The Con-Federal Constitution of the United States
Cover of volume 39
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The Con-Federal Constitution of the United States: A Review of John C. Calhoun and the Confederation Thesis. (2010). The Political Science Reviewer, 39, 41-86.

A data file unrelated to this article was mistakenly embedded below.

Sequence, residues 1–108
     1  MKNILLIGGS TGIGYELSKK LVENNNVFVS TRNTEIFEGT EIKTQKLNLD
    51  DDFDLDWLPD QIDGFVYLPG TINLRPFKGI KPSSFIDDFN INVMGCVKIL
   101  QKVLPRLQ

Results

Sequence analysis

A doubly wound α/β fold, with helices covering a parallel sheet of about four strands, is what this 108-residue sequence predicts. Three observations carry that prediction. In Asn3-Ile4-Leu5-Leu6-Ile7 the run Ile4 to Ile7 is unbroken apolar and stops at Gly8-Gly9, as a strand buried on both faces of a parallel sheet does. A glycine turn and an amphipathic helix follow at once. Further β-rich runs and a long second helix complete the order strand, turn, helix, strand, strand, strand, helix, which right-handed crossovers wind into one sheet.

In contrast to mainstream opinion existing this side of 1865, John C. Calhoun of the antebellum period argued that the Constitution of 1789 did not create a new national political system; rather, it merely founded a different organization of the confederation among the thirteen states, which had originally confederated with one another under the Articles of Confederation. Although this author deems Calhoun’s views on slavery and race to be morally wrong, Calhoun’s profound articulation of constitutional thought is sufficiently important to merit the following detailed analysis of his work in relation to the confederation thesis. Speaking of the states both in the past and during his mid-nineteenth-century present, Calhoun concisely summarizes his view that the United States has remained a confederation: "They, then, are now united, and have been, throughout, simply as confederated States."" This article will both explicate and evaluate Calhoun’s work and the confederation thesis.
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